(Canada/Ireland, 115 min.)
Dir. Aisling Walsh, Writ. Sherry White
Starring: Sally Hawkins, Ethan Hawke
Programme: Special Presentations (Canadian Premiere)
Applaudit pour Maudie! Sally Hawkins gives an exceptional performance as Nova Scotian painter Maud Lewis. Lewis's paintings are cute little pieces of folk art that she dabbles on discarded boards strewn about the ramshackle cabin she shares with her husband (Ethan Hawke) and the works benefits from the story behind them. More than one prospective arts patron in Maudie observes that Lewis's childlike drawings resemble something a kid would paint, but the film effortlessly shows the difficulty of the artist's dedication as Hawkins maneuvers the paintbrushes within Lewis's gnarled fingers. The physical feat of Hawkins’ interpretation of Lewis is outstanding as she recreates the figure of the painter who suffered from crippling arthritis throughout her career. Comparisons to Jim Sheridan's My Left Foot are inevitable as Maudie follows a paint by numbers scheme with its tale of Lewis's trials and passion, but Hawkins' performance alone lets the film stand up to the film that earned Daniel Day-Lewis good first Oscar.
The Age of Shadows (Miljeong)
(South Korea, 139 min.)
Dir. Kim Jee woon, Writ. Lee Ji min, Park Jong dae
Starring: Song Kang ho, Gong Yoo, Han Ji min
Programme: Special Presentations (North American Premiere)
The Age of Shadows weaves an engrossing spy game within a complex historical drama. Director Kim Jee woon (I Saw the Devil) uses the resonant political backdrop and visually arresting trimmings of the period setting to tackle international relations and traumas that sting as The Age of Shadows dramatizes the Korean resistance to Japanese occupation in the 1920s. The film, which is South Korea’s official submission to compete in the Best Foreign Language Film race this year, stars Song Hang ho in a gripping performance as Lee Jung-chool, a noble Korean officer enlisted in the Japanese police as he infiltrates the rebels to expose and paralyse the resistance movement.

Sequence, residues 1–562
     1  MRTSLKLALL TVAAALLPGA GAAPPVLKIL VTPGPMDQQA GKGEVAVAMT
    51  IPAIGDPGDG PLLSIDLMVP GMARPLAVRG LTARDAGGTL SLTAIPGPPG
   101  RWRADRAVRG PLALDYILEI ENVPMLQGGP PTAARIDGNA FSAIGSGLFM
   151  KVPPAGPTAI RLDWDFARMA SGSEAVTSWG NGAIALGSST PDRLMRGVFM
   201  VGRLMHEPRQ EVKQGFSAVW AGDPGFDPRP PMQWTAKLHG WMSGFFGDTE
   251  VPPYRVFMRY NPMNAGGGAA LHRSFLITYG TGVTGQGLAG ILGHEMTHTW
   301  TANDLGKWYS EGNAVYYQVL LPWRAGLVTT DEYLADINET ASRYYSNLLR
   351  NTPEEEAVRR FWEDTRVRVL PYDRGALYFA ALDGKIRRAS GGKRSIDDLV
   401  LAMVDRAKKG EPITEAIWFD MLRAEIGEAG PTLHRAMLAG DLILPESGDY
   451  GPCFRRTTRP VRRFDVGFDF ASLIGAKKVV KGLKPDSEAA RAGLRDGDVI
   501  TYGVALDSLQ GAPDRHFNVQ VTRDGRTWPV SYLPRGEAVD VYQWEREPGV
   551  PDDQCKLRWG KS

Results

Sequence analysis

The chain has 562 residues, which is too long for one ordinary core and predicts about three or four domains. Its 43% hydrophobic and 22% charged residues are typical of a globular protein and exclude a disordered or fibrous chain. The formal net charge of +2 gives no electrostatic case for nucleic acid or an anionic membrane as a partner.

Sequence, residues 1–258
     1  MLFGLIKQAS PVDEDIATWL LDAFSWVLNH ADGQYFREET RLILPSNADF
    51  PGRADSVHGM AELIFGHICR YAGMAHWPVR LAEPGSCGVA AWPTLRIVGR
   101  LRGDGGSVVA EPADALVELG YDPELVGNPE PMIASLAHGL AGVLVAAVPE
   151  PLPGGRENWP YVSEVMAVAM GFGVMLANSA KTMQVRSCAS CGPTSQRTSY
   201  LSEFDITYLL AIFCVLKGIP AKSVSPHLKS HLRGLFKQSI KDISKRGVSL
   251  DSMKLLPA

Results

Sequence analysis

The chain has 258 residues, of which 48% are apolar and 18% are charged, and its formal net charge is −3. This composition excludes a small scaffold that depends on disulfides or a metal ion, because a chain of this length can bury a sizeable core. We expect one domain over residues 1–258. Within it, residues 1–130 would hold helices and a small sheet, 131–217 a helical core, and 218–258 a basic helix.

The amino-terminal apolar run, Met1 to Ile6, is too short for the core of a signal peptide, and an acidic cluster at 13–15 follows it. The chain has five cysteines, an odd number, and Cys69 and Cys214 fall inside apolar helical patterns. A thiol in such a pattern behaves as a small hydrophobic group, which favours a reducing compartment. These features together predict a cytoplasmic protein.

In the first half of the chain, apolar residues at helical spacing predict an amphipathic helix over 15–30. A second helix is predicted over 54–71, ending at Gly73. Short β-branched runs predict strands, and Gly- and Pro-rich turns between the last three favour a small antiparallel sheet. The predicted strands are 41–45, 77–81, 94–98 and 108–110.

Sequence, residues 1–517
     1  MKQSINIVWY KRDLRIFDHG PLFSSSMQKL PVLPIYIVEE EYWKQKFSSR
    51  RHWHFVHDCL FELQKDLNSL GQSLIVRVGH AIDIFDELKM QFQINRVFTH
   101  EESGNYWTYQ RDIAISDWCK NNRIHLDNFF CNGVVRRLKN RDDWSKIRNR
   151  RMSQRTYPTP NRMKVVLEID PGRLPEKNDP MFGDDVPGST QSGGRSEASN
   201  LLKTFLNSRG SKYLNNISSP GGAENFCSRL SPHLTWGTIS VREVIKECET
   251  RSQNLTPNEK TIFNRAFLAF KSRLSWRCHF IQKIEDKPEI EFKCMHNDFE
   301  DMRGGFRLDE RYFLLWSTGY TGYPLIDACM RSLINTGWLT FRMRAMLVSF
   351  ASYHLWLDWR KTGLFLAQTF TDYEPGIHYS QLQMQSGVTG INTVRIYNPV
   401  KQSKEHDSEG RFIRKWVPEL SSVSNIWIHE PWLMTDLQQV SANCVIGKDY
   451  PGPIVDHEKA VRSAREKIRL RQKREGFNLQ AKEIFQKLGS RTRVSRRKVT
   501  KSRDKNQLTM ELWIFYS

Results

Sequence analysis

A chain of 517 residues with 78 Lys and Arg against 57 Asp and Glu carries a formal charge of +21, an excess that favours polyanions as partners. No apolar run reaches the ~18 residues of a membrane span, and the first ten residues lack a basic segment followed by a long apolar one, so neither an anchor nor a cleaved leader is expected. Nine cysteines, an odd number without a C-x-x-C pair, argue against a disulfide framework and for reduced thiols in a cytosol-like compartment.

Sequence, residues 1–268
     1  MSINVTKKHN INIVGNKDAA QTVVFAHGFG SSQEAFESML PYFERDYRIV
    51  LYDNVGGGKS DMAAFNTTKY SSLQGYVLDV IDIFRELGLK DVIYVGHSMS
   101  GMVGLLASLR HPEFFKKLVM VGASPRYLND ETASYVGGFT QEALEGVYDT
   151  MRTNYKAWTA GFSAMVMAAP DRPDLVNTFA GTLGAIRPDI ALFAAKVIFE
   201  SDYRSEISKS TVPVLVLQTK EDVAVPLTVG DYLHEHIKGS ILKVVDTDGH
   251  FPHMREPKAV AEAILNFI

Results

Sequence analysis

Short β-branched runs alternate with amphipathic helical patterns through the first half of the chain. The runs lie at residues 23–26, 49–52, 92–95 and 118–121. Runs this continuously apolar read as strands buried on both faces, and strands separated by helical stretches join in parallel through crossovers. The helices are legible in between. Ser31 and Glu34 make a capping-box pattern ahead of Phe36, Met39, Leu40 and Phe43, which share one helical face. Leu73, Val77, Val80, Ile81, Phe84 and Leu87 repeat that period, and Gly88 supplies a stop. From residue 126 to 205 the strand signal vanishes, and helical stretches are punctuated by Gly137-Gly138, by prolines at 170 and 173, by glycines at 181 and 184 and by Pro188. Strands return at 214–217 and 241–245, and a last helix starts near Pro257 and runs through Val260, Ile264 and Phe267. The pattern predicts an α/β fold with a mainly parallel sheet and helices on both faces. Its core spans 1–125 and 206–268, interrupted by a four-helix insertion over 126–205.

Particularly impressive is the centrepiece of The Age and Shadows in which Lee ferrets out a mole in their operation and exposes spies and resistance fighters. The tight confines of the train are thrilling and packed wall to wall with Hitchcockian suspense. An explosive gunfight on the rails leaves a visceral impact like a scar after a wound cut deep.
The complicated plot of The Age of Shadows often proves confusing as the myriad of characters cross paths, get bumped off, or vanish throughout the film’s well-packed procedure. The cast excels as some committed freedom fighters and ambiguous spies collude, and Kim’s allusive and impressionistic direction proves instructive as The Age of Shadows creates a challenging film experience in which loyalty is rare and intuition is key. This intense and atmospheric film is a thrill.
(France/Chile/Germany/Greece/Colombia, 86 min.)
Dir. Fernando Guzzoni
Starring: Nicholás Durán
Programme: Discovery (World Premiere)
An angry young man struggles to find his voice in Fernando Guzzoni 's bleak drama Jesús. Jesús, played by Nicholás Durán, is a queer male coming of age with a rambunctious group of friends who grow up without a sense of responsibly after their teeny bopper dreams fizzle out on the local American Idol equivalent. Guzzoni often conflates queerness with deviance, however, as Jesús and his quartet of homies do dirty deeds around town. The mischief culminates in a repugnantly violent assault that Guzzoni explodes without restraint as the beating and cruel bullying play out in unbearable real time. Jesús pushes the envelope with brutal violence and explicit unsimulated blow jobs and hand jobs, but the film lacks substance to give this salacious action any bite. The film lumbers in search of redemption as Jesús is also an utterly unlikable protagonist and Guzzoni provides no reason to care about his plight. In a word: turgid.
TIFF runs Sept. 8-18.
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